Praise and worship God for his creation and reflect before him on what it means for you to be made in his image (Genesis 1:27).
Paying the poll-tax to Caesar
15 Then the Pharisees went out and laid plans to trap him in his words. 16 They sent their disciples to him along with the Herodians. ‘Teacher,’ they said, ‘we know that you are a man of integrity and that you teach the way of God in accordance with the truth. You aren’t swayed by others, because you pay no attention to who they are. 17 Tell us then, what is your opinion? Is it right to pay the poll-tax to Caesar or not?’
18 But Jesus, knowing their evil intent, said, ‘You hypocrites, why are you trying to trap me? 19 Show me the coin used for paying the tax.’ They brought him a denarius, 20 and he asked them, ‘Whose image is this? And whose inscription?’
21 ‘Caesar’s,’ they replied.
Then he said to them, ‘So give back to Caesar what is Caesar’s, and to God what is God’s.’
22 When they heard this, they were amazed. So they left him and went away.
Quite apart from anything else, this encounter demonstrates the futility of pretending before God. Jesus sees straight through the feigned praise of the Pharisees and Herodians (v 16) and exposes their hypocrisy not only verbally (v 18), but also visually.
By inviting his questioners to produce a denarius (v 19), Jesus forces them to reveal that they carry about their person Roman currency. This was held by the Jews to be idolatrous on account of the coins bearing the image of the emperor and an inscription declaring him to be both a divine son and high priest. Suddenly, those who came to trap Jesus as an enemy of the state look suspiciously like friends of Rome and therefore opponents of God. Jesus, however, has no objection to paying the poll-tax; to do so is to give back to Caesar what is due to Caesar (v 21), with no suggestion that the payment in any way compromises devotion to God. We therefore need to consider very carefully under what circumstances might civil disobedience be sometimes a faithful expression, and sometimes a failure, of true worship.
God must also be given what is due to him (v 21). In the immediate context this likely refers to the fruit of obedience, including that of accepting and submitting to Jesus as Messiah and Lord.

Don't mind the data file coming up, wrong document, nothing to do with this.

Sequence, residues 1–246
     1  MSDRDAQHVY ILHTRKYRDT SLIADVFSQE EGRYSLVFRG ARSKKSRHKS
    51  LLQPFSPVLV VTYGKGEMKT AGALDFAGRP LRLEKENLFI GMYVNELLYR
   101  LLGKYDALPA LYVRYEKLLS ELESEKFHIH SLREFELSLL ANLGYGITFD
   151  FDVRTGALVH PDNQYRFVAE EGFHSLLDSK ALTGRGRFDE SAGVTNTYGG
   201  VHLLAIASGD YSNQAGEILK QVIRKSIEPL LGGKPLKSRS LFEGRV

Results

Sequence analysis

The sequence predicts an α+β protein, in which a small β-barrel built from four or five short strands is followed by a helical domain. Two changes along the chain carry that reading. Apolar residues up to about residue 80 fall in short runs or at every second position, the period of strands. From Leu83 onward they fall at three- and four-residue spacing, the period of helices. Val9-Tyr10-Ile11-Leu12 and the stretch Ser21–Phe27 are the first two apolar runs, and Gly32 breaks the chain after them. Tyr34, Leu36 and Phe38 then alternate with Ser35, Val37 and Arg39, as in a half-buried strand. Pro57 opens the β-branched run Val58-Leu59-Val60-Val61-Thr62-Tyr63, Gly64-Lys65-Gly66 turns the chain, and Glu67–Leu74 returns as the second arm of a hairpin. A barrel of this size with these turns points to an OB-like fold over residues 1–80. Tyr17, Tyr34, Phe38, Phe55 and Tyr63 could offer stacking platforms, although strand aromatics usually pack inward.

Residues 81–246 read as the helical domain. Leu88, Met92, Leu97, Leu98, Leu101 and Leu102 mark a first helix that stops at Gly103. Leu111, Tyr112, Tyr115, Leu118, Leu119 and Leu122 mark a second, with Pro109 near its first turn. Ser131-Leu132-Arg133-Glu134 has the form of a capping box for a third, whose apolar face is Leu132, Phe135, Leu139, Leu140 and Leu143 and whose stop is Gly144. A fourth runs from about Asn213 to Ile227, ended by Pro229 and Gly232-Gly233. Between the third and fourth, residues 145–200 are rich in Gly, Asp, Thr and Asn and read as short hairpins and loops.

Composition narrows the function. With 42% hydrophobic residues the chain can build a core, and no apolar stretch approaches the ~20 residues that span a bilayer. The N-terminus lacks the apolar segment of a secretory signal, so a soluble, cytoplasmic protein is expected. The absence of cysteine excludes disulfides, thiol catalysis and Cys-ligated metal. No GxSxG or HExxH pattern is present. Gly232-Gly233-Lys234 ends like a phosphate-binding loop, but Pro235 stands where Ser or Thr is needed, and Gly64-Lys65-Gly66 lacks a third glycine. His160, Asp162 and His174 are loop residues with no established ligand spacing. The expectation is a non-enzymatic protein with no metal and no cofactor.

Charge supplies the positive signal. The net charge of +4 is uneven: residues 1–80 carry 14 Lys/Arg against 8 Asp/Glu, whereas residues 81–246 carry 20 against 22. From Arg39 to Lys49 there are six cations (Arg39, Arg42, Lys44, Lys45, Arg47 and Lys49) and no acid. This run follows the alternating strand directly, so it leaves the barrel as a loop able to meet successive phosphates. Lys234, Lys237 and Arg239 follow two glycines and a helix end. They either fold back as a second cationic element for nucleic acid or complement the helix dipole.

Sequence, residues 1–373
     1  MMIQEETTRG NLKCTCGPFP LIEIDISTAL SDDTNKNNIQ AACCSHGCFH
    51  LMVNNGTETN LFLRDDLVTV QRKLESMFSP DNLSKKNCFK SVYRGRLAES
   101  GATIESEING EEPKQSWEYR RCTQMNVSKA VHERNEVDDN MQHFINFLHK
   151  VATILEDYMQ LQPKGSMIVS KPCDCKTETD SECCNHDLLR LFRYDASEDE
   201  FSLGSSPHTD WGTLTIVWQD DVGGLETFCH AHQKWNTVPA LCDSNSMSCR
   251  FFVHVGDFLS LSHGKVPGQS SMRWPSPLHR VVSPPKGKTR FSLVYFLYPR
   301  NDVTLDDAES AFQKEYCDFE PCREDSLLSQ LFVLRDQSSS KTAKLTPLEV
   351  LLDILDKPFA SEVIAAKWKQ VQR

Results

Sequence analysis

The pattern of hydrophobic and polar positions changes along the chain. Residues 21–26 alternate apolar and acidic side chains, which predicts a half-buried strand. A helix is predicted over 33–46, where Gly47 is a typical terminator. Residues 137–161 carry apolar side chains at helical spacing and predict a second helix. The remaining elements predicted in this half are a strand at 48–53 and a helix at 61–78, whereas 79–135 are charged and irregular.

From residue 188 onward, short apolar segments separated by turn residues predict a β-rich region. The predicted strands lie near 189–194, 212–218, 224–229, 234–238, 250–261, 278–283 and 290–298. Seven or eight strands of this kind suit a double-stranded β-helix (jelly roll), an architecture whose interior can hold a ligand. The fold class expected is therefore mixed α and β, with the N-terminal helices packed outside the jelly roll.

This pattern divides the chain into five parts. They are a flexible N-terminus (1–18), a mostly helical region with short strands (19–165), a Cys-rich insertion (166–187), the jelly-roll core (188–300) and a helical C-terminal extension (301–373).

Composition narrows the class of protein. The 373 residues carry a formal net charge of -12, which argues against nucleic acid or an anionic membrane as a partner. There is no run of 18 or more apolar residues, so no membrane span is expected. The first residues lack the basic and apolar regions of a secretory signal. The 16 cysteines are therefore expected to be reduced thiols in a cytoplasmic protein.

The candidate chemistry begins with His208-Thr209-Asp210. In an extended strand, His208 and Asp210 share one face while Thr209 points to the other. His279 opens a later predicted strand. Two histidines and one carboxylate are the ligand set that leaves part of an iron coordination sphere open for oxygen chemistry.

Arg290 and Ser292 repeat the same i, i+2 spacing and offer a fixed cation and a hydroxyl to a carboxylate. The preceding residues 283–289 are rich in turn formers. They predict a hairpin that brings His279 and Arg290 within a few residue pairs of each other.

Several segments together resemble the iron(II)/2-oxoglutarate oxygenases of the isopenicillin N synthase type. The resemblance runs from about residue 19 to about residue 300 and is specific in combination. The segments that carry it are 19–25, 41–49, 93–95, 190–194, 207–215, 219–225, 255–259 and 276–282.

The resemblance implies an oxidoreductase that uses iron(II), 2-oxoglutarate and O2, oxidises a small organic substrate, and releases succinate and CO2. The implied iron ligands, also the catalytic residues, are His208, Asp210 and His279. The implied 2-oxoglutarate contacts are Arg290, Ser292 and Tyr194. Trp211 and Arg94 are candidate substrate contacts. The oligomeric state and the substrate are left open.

How might Jesus’ teaching here inform Christian action to address contemporary political and societal issues (eg climate change; systemic racial, ethnic, gender and other unconscious bias)?
Deeper Bible study
May we live well as servants of God. Teach us to show ‘proper respect to everyone, love the family of believers, fear God, honour the emperor.’1
Having been humiliated with parables warning them of wrath, Jewish leaders continue to assault Jesus. Pharisees resented paying Roman taxes; Herodians accepted it. Whatever answer Jesus gave would upset one or other group.2 Their use of deceitful flattery (v 16) betrays their spiritual poverty. God’s people should never use such tactics.3 The question is designed to trap Jesus. If he says it is unlawful to pay taxes, this is sedition against Rome. If he says it is lawful, he will potentially lose support from those wanting to overthrow the Romans.
Jesus challenges their intent. He demands a denarius, causing his antagonists to handle money they consider ‘unclean’. He asks whose image is on it. They rightly respond ‘Caesar’s’ (probably Tiberius at the time). Jesus then directs them to give to Caesar his own things, such as this coin. Hence, as in Romans,4 his answer affirms that believers should pay their taxes. However, they are also to give to God what is God’s. This suggests the first two commandments, urging God’s people to place the worship of God above all other allegiances.5 Insofar as we do not violate our first commitment to God, we can submit to the governing authorities.
Christians live in the tension between Romans 13 (and this passage) and Revelation 13. On the whole, we submit to our governments, showing them due honour, knowing that God has established them (even if they don’t know it).6 However, when the government goes rogue, demanding our first allegiance, there is a time to deny the Beast its demands. Whatever the situation, we pay our taxes. Most importantly, we never respond with violence: retaliation is God’s business.7 Jesus will demonstrate this on the cross.
Praise our God and his Son. Then, spend time praying for the government of your region. Choose another nation in the world and pray for that place, too.
Bible in a year
Read the Bible in a year: Genesis 30,31; Matthew 11
Pray for Scripture Union
Please pray for Jim Winning and the Supporter Care team (Debbie Edge and John Cartwright) as they navigate their way through the new supporter relations system. Ask God that they will be able to maintain the high standards that they have been aiming for and that supporters will be inspired by stories of what God is doing.